As someone with an almost phobic aversion to shopping, the thought of visiting one of Central America's largest and busiest markets fills me with stomach-curdling dread. Every Thursday and Sunday the town of Chichicastenango (known as Chichi) in the highlands of central Guatemala erupts into a riot of colour and commerce. Stalls selling everything from handicrafts to phones to kittens line its narrow cobbled streets, attracting both locals (many of whom trek for hours carrying their wares over mountainous terrain) and tourists, who turn up by the bus load. It sounds like my worst nightmare – a giant jostley, hassley hell.
My guide, Julio, however, is undeterred. He assures me that Chichi has many other appealing features. Unfortunately, we've arrived on a Thursday so in order to reach them we'll have to battle our way through the market. Adopting my best "I'm not here to shop" face, I take a deep breath and we enter the fray.
Our first port of call is the Church of St Thomas, an elegant 16th-century whitewashed church near the town centre that was built on the site of a pre-Columbian temple. Most of Chichi's population (and that of the surrounding towns) is indigenous Maya K'iche, who still speak the K'iche language and follow the Maya religion. When the Spanish invaded in 1524, they introduced Catholicism and today the two religions coexist in a bizarre but fascinating harmony.
Leading up to the church are 18 steps, one for each month of the Maya calendar, and near the entrance is a stone altar where local shamans perform rituals and sacrifices. Christian paintings and sculptures decorate the church's interior while the central aisle contains six additional Maya stone altars.
We watch a local indigenous couple – both immaculately dressed in brightly-coloured traditional clothing – shuffle on their knees up the aisle while chanting softly. When they reach the first altar, they light two candles, make offerings of flowers and rum, then bow down in prayer. It's a captivating spectacle, made all the more intriguing given it takes place under the watchful gaze of a row of Christian saints.
Our next stop further demonstrates this curious religious intermingling. The town's cemetery contains hundreds of graves, ranging from simple plots marked with a single cross to elaborate tombs containing several generations. Many of the tombs feature ornate decorative flourishes, such as columns and wrought iron gates, and are painted in colourful pastel hues. It's certainly a far cry from the dour, sombre mood of a European graveyard. Julio explains that during the annual Day of the Dead festival in November, the cemetery takes on a carnival-like atmosphere. Families pay their respects by feasting, dancing and decorating their loved ones' tombs.
As we near the centre of the cemetery, Julio points out a simple open-sided brick shelter in which a shaman is preparing to perform a traditional Maya ceremony. After spitting alcohol over a stone altar, he'll light a small fire, which he'll then "read" in order to offer guidance and advice. In the case where a person needs to be purged of bad spirits, he'll spit alcohol over them and then hit them repeatedly with a sacred plant.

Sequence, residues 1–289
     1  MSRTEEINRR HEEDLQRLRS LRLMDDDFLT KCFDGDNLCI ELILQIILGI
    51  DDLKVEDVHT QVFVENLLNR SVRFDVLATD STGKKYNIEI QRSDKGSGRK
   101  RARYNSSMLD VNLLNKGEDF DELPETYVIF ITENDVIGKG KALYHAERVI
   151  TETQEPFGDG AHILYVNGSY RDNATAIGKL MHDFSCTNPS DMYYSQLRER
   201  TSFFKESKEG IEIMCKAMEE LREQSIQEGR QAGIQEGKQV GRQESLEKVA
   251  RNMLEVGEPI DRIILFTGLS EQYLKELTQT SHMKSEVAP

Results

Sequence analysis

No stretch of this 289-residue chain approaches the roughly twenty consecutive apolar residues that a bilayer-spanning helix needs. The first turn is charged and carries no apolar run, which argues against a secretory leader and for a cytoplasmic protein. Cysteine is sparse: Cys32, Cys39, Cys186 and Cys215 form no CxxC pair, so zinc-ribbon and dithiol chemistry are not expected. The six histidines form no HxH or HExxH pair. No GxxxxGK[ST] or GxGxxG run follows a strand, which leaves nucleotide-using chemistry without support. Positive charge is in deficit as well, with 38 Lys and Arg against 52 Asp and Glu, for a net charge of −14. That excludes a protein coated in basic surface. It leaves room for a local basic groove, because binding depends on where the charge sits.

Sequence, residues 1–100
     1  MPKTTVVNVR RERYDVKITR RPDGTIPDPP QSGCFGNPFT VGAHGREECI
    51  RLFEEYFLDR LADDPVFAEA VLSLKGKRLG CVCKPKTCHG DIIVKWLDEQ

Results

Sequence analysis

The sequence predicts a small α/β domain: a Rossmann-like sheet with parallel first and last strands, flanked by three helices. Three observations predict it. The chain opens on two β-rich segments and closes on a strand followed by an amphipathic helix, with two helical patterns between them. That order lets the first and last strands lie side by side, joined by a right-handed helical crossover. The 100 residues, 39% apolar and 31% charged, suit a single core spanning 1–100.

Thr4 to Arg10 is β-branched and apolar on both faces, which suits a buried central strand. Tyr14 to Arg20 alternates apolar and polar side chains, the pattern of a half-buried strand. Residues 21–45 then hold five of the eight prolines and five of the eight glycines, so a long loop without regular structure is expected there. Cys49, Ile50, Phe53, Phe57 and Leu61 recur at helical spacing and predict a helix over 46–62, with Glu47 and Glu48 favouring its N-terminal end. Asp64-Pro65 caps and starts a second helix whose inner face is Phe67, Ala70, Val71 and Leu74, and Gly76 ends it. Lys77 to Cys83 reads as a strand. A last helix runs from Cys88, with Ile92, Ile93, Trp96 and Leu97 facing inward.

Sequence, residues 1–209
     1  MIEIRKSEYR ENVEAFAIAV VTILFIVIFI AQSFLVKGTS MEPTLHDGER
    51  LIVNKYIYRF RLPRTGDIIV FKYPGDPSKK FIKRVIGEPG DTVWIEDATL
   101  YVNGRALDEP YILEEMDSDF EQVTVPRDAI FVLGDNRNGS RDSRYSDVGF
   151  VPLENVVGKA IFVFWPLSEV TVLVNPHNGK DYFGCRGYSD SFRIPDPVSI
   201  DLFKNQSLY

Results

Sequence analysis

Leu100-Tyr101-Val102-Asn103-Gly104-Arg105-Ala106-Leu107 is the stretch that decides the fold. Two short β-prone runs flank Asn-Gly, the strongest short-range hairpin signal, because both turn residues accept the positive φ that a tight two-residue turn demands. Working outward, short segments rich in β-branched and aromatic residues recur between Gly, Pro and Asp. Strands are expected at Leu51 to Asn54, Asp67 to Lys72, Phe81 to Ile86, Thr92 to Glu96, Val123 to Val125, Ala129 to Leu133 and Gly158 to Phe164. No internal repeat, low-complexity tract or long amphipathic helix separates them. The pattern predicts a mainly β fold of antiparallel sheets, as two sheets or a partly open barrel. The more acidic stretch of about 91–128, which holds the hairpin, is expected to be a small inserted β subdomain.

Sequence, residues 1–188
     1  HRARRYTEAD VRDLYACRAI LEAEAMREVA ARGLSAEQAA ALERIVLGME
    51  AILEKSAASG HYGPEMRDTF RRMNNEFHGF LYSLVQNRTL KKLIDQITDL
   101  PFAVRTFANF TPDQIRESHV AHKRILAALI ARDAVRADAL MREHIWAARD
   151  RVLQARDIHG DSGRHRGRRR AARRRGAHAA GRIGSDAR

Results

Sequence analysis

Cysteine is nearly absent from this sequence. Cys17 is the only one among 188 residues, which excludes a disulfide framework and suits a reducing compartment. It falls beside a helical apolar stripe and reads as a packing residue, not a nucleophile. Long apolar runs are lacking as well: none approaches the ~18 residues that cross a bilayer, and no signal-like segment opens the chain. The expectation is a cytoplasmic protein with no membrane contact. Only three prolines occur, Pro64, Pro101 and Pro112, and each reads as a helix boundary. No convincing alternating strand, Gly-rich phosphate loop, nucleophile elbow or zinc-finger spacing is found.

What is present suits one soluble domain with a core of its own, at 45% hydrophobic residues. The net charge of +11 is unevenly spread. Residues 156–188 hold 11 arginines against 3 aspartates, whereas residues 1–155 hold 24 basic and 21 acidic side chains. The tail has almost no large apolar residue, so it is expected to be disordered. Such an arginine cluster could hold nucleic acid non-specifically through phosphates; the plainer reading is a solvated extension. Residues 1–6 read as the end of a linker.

Our last stop is a workshop where they make the masks and costumes for Chichi's annual Festival of St Thomas. During this colourful celebration in December, a marimba band and a large crowd of fancifully dressed locals parade through the town, dancing and drinking. The costumes are exaggerated versions of those worn by the invading Spanish – all bright velvet, sequins and tassels – while the masks have blond beards and bright blue eyes.
I try one on and am astonished at how heavy it is. The elaborate headgear, with its colourful plumes and intricate beading, must weigh at least two kilograms. With only two small eye holes to see through, the wooden mask feels uncomfortably claustrophobic. Drinking and dancing all day dressed up in this garb would require serious stamina.
To reach lunch we have to navigate the market again, but this time we pass through the permanent central part, which operates daily and is frequented by locals, rather than the outer ring which caters more for tourists. We weave through a maze of stalls, past piles of fresh vegetables, large sacks of corn maize and slippery piles of raw chicken. Julio explains that indigenous Maya from all over the region congregate here to shop, socialise and share news. It's also where many couples meet and lots of the young women are beautifully dressed in brightly-coloured hand-woven skirts and tops. Families noisily crowd around wooden tables to eat tortillas and fried chicken, while children squeal and chase each other through the warren of narrow alleyways.
All in all, it's an immersive insight into Guatemala's indigenous culture. Not once do I get jostled or hassled and at one point I even get an urge to stop and browse (don't worry, I fight it). Don't tell anyone, but it's the closest I've come to enjoying myself at a market yet.
Rob McFarland was a guest of Air New Zealand and Chimu Adventures.
Latin America specialist Chimu Adventures can create a tailor-made Guatemala itinerary including flights, accommodation, transfers and tours. Phone 1300 773 231; see chimuadventures.com